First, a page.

A series where I bring to you news from the newspaper archives and historical documents to debunk common misconceptions about the Middle East conflict.
Yesterday I posted about how the Jews who returned to Zion eradicated the malaria problem by draining the swamps, leading to better conditions for all of then Palestine’s inhabitants, including the Arabs.
Today I bring you a JTA report from 1929 about certain proceedings of the Shaw Commission, established to investigate the violent rioting in Palestine in late August 1929, which included the Hebron massacre.
In these particular proceedings, although Mohammed Ragheb, an inspector in the government department of agriculture, complained about the Jews, his complaints are telling. For one, he admits our draining of the swamps was beneficial to all. And secondly, although he complained the Jews were “gobbling up the lands most suitable for orange cultivation,” his testimony shows how the Jews purchased these lands legally.
Agreeing that the Jewish settlers take malaria infested swamps, drain them and make them fertile and livable, Mohammed Ragheb, an inspector in the government department of agriculture, a Moslem, and said to have some agricultural experience in Egypt, Austria and Roumania, in his testimony for the Arab side at yesterday’s session of the Commission of Inquiry, charged that not only were the Jews gobbling up the lands most suitable for orange cultivation, but that of the nearly 60,000 acres that can be used for this purpose along the coastal plain from Gaza to Haifa, the Jews have recently acquired about 25,000 acres.
From the figures presented by the witness, Auni Abdul Hadi, of the Arab counsel, moralized in an attempt to prove the well-known complaint against the Jews that they were gradually penetrating the best lands and dispossessing the Arabs. Ragheb’s evidence was similar to that of other Arab witnesses, only he stressed the coastal plain.
Ragheb explained that Palestine’s future from an agricultural point of view depends on the coastal plain which, he said, was passing into the possession of the Jews who are already cultivating 40 percent of the land for citrus growing, and the Arabs are cultivating the remaining 60 percent.
From this evidence, Commissioner Snell deduced that the Arab grievance was that the Jews cultivated citrus fruits where the Arabs formerly grew melons, but the Arab counsel insisted that large Jewish companies, including one backed by Lord Melchett, were buying up large stretches from “small owners.” The Commission got from the witness an admission that the so-called small-land holders owned from 300 to 5,000 dunams of land each. He also admitted that the Wadi Hawareth land, which the Jewish National Fund had bought for a million dollars raised by Canadian Zionists, had belonged to two families, both of them absentee landlords living in Beirut and Jaffa.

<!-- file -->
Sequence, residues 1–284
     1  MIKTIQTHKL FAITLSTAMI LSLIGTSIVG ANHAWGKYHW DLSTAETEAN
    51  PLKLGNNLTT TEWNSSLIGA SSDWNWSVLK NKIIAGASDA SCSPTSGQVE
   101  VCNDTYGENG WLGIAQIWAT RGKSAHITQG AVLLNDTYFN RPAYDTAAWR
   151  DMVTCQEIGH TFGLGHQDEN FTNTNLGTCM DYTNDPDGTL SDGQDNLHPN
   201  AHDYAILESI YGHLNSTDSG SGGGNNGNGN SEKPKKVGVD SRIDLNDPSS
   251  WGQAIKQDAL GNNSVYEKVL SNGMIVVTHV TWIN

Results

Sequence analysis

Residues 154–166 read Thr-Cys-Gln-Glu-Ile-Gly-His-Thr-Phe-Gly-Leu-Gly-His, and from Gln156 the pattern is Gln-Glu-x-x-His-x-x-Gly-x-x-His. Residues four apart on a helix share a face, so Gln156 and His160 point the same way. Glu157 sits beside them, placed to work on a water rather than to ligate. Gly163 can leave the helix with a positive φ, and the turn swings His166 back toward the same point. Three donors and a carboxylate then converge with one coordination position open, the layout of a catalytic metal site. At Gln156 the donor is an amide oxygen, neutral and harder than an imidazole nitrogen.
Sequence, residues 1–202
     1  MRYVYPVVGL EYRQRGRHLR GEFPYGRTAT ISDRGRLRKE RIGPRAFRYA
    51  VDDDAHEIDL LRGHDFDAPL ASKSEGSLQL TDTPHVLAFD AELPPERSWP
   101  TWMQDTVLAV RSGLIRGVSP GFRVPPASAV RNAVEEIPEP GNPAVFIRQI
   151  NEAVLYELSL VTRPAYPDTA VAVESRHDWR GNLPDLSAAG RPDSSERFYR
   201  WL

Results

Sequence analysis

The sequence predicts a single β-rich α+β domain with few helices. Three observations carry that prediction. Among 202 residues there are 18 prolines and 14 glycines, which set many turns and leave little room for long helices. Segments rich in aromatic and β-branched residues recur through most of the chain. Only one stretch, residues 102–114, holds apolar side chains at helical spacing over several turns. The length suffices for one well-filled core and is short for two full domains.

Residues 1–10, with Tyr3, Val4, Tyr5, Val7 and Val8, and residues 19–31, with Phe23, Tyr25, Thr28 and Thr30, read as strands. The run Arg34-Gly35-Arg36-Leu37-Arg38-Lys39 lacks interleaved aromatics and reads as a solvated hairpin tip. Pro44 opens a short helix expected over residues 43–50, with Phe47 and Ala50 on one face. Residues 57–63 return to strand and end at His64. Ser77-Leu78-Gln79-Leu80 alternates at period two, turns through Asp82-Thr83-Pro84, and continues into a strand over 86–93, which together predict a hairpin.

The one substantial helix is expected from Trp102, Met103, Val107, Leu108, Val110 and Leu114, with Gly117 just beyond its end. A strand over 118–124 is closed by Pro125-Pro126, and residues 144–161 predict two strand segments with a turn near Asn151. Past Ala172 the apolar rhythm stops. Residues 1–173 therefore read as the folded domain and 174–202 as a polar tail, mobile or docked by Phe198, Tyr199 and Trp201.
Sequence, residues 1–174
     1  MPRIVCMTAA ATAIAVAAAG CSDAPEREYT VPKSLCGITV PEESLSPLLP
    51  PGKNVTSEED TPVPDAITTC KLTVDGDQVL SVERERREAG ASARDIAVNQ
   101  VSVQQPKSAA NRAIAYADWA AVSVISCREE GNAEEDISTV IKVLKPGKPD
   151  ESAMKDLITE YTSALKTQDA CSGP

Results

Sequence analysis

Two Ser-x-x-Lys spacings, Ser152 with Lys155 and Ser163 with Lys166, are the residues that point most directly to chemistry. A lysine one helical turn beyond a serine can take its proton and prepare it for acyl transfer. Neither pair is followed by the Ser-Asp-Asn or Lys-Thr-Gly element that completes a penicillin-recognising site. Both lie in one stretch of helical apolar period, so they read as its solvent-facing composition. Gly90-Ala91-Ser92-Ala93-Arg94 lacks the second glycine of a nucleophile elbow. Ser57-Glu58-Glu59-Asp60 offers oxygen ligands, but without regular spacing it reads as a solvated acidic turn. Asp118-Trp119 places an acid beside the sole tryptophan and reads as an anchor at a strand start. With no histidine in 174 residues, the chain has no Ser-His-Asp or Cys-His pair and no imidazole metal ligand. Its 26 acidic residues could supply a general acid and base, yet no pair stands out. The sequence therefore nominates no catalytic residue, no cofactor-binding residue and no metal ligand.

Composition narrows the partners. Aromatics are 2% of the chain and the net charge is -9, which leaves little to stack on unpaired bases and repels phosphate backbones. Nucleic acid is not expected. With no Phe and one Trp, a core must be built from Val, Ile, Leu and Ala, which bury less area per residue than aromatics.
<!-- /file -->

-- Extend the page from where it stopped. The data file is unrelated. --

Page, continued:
The witness declared that Arab ploughmen were obliged to move on to other villages or towns when the Jews bought lands from the Arabs because the new Jewish colonies did not employ Arabs. The fact that the Wadi Hawareth land belonged to a family named Taman came as a distinct surprise to the Commissioners who had been under the impression that it was the property of a number of small owners.
JEWISH LAND PURCHASES
Ragheb lumped the orange lands in the 40-year old colony of Hederah together with newly acquired Jewish land to produce the effect that the Jews had purchased from six to eight thousands of acres suitable for orange growing in the Haifa district from small owners, but he admitted that some of it had been bought from large owners.
Auni, the Arab counsel, caused laughter at the session, by asking the witness if the Jews, whom he claimed already possessed 40,000 dunams in Haifa and Tulkarem districts, which is three-quarters of the total available for citrus cultivation, had not bought half again as much. At this Chairman Shaw smilingly remarked “what would be left to the Arabs.” Ragheb agreed that the Arabs had been most active in the last five or six years in orange cultivation but he mentioned nothing about Jewish influence.
Ragheb continued his instructing of the commission in elementary agriculture and tried to prove that the Jewish settlers were unsuccessful grain cultivators. They were good horticulturists, he said. He produced reports showing the output of grain fell when they took over Plain lands. Betterton drew attention in the same report to the rise, two years later, when Jews got to know the land. Ragheb stated. “The Arab fellah does not use expensive machinery or chemical fertilizers, but he can do well and better with grain land than Jews.” Merriman pointed out that the use of the machinery was justifiable since Jewish output from the land became larger.
Ragheb agreed that Auni had cited the Arab objections when he said they were afraid the government would give vast forest lands free to Jews. He never heard that Jews had asked for these, he admitted.
The testimony continued on semi-economic grounds, Arabs failing to prove their contentions that the Jews were a liability to the land but were rapidly acquiring most of it.
In other words, we purchased land legally, and Arab landowners benefited financially. Yet the Israel-haters like to complain that we stole the land from the Arabs.